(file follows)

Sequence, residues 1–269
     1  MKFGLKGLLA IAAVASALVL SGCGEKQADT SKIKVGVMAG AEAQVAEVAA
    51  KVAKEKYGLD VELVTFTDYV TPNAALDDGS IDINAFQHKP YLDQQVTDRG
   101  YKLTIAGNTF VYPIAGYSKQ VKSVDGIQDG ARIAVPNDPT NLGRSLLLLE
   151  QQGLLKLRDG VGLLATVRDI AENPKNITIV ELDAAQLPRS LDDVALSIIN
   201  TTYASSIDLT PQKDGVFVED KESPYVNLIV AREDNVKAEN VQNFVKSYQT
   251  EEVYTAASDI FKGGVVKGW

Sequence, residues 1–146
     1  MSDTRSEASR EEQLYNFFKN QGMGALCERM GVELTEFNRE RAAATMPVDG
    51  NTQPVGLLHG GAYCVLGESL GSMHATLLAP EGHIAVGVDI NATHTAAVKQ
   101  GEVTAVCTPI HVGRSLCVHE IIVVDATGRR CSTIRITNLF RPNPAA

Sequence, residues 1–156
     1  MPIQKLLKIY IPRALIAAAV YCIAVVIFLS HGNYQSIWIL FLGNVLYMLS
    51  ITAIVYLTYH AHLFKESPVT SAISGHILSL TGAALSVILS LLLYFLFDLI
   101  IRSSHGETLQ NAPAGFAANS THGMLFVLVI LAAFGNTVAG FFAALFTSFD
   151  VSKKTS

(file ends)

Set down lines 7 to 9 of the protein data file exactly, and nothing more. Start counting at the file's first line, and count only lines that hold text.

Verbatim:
   251  EEVYTAASDI FKGGVVKGW

Sequence, residues 1–146
     1  MSDTRSEASR EEQLYNFFKN QGMGALCERM GVELTEFNRE RAAATMPVDG